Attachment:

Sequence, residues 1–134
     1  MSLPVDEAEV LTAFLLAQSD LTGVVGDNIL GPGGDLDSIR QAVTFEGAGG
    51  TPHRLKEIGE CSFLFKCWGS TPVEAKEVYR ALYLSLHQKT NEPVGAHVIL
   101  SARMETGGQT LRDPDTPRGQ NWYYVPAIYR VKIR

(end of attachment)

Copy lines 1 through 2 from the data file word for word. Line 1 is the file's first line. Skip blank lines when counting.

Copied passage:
Sequence, residues 1–134
     1  MSLPVDEAEV LTAFLLAQSD LTGVVGDNIL GPGGDLDSIR QAVTFEGAGG